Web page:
3) We had made the claim of endurance and self-control and dignity, but in reality this is our simple-heartedness, because of which we are ensnared in the deceit/illusion of self-control. The truth is that our heart is melting from breast-melting secrets.

4) Our claim is that we maintain a simple-heartedness that that gives the deceit/illusion of intelligence and self-control; that is, because of our simple-heartedness people are deceived into thinking that we are very enduring and self-controlled. The reality is that our heart lies here full of breast-melting secrets.

5) Our proud vaunting is really deceiving our simple-heartedness about our dignity and self-control. Otherwise, the reality is that-- we are, and breast-melting secrets.

6) Oh dignity-deceiving claim of simple-heartedness, the truth is that our heart lies here full of breast-melting secrets. How can we be 'simple-hearted'? This is only a merely verbal claim.

7) Our self-control and dignity is only a false claim. Our simple-heartedness is only a trick. In both ways we are a liar. The truth is that-- we are, and breast-melting secrets.

8) Oh simple-heartedness, you are a claim that creates a deceit/illusion of dignity. But we have neither simple-heartedness nor dignity. We lie here full of breast-melting secrets.

== (1989: 86-88) [2006: 108-10]



ABOUT fareb : It's a term of bewitching complexity; needless to say, Ghalib makes excellent use of it. It's morally and esthetically ambiguous (see the definitions above): it can refer to a deliberate deceit, like the 'trick' of a con artist; or a more general kind of 'beguilement' or seduction in which the seduced is at least somewhat complicit with the seducer; as such, it could almost refer to a net of magic, or the involuntary (?) enchantment created by beauty and charm, 'airs and graces'. Some other choice examples: {3,8x}; {14,3}; {68,6x}; {80,1}; {130,5x}; {141,7}; {196,4}; {201,4}; {130,5x}.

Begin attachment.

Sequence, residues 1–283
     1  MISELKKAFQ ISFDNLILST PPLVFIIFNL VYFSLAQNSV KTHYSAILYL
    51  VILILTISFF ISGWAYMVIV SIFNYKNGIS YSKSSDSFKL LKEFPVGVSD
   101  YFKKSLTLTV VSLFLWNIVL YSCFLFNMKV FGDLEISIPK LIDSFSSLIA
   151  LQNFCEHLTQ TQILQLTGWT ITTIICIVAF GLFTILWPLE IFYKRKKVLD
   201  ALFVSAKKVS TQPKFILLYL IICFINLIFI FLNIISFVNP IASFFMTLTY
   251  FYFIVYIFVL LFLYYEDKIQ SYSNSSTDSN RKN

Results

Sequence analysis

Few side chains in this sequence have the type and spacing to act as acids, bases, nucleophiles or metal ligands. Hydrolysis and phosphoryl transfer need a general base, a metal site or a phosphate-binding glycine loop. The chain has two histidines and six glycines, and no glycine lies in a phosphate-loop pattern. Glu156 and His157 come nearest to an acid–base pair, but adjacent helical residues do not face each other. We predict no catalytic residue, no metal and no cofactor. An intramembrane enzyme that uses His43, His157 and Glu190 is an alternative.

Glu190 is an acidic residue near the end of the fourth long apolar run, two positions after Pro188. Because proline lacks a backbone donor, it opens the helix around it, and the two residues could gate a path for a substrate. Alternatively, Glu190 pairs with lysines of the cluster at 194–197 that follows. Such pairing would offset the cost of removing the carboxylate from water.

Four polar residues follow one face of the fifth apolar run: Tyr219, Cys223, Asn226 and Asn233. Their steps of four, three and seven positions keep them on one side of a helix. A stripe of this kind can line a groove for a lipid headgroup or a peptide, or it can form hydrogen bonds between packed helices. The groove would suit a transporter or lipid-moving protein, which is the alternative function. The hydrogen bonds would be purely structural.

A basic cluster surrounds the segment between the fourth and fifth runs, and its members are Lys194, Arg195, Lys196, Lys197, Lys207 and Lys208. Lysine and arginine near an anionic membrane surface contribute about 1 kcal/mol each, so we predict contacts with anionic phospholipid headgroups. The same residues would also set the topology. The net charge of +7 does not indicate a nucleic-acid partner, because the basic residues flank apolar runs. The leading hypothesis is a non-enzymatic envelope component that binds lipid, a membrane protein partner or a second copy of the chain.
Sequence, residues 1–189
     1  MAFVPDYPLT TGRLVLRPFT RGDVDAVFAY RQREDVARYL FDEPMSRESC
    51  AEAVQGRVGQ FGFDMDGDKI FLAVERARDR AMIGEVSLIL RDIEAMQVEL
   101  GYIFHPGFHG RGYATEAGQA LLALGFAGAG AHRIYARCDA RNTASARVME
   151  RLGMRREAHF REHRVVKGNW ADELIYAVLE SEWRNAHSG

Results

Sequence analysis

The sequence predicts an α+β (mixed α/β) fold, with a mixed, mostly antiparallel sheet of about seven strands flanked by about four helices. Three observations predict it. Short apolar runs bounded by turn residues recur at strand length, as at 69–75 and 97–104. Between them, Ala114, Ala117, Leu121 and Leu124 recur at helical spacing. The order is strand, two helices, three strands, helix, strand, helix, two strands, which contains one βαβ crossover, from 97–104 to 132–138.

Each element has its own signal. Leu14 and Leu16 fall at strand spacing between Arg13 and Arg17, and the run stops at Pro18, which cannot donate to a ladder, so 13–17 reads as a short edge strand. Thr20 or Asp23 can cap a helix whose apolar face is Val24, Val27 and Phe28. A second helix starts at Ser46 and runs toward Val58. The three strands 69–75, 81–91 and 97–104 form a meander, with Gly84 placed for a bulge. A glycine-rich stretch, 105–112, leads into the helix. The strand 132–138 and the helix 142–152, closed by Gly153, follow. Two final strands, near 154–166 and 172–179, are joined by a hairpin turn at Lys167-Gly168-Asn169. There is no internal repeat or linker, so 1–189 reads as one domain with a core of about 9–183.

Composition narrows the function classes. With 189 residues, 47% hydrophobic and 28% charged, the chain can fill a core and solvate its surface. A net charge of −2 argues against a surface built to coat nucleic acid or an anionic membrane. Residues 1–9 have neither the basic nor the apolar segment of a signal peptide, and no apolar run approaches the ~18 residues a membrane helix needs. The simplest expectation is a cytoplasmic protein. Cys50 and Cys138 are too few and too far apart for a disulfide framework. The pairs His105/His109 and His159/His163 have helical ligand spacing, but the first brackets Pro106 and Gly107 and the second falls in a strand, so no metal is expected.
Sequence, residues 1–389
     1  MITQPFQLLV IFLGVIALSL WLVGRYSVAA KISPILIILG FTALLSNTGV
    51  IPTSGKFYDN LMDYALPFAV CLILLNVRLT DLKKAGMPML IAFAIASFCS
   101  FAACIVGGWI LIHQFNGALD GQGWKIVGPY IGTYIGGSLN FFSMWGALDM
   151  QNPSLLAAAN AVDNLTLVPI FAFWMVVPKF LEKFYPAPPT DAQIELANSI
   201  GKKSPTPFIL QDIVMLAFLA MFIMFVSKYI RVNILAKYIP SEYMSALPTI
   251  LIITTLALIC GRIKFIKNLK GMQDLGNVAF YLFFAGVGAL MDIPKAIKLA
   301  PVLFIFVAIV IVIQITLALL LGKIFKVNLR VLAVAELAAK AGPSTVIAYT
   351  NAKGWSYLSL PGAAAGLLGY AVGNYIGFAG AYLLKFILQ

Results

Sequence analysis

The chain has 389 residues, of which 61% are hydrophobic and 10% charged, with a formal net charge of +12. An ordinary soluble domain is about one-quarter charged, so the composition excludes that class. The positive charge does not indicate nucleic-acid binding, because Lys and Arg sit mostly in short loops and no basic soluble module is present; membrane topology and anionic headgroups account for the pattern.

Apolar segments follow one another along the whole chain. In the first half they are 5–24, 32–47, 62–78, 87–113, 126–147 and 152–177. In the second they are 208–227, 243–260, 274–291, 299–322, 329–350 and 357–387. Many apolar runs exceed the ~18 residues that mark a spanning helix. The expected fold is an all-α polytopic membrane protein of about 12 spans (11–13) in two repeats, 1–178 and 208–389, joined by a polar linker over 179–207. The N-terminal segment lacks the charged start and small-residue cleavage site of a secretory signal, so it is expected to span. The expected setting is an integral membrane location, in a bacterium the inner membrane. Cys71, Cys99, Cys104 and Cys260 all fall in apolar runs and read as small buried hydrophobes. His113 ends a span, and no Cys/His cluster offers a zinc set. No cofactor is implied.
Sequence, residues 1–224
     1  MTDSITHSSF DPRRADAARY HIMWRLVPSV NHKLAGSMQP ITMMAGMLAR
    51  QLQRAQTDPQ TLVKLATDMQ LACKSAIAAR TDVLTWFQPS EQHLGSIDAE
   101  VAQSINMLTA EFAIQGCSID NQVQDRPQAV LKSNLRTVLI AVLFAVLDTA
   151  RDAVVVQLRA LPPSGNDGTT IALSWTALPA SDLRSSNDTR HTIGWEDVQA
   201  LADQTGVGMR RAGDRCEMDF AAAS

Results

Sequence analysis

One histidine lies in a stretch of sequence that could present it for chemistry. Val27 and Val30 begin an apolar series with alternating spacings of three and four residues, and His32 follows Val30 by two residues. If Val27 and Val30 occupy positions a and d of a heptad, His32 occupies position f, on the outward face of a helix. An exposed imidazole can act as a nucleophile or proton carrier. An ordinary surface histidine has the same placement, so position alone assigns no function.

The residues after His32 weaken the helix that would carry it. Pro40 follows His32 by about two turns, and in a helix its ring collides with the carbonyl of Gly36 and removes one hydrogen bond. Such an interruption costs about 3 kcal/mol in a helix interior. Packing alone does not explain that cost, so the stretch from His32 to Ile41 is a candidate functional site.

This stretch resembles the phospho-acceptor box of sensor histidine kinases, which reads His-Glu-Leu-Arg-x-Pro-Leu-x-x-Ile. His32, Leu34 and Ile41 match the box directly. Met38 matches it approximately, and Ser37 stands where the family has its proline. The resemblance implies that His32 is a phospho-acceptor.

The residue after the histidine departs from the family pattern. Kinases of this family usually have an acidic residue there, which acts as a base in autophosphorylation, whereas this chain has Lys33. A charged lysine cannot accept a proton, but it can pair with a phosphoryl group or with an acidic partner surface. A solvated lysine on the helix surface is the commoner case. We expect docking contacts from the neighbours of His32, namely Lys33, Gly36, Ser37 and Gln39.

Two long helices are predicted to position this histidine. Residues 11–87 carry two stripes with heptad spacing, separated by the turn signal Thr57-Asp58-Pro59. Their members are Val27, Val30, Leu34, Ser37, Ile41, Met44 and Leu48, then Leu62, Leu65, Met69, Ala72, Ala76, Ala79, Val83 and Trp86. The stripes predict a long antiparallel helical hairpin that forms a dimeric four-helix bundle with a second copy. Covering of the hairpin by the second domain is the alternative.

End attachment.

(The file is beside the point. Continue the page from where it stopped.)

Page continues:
This verse must be second only to {32,1} in its sheer multivalence of possible readings; it too is of the 'meaning generator' kind. For more on this, see {32,1}. It's useful to compare this verse to the previous one, {71,2}, also analyzed by Faruqi, to see the different kinds of 'ambiguity' the verses provide.

I've retained both i.zaafat markers, following Arshi as is my rule. But both are metrically optional, so that Faruqi's dispensing with either or both is entirely legitimate. Even if we retain both i.zaafat markers, the ambiguity of the construction is here maximally productive. Is a laaf-e tamkii;N a boast made 'by' dignity, or a boast 'of' having dignity, or a boast that itself 'is' dignity? Similarly, is a fareb-e saadah-dilii a trick played 'by' simple-heartedness, or a trick played 'on' simple-heartedness, or or a trick that 'is' simple-heartedness, or an illusion 'of' simple-heartedness? For more on the i.zaafat construction, see {16,1}.

The verse also belongs to the 'I am, and' group; for more on this, see {5,6}.

Its first line is reminiscent of the 'list' structure used in {4,4}, though this one is more multivalent. Both take deft advantage of the many kinds of possible interplay between innocence and cleverness.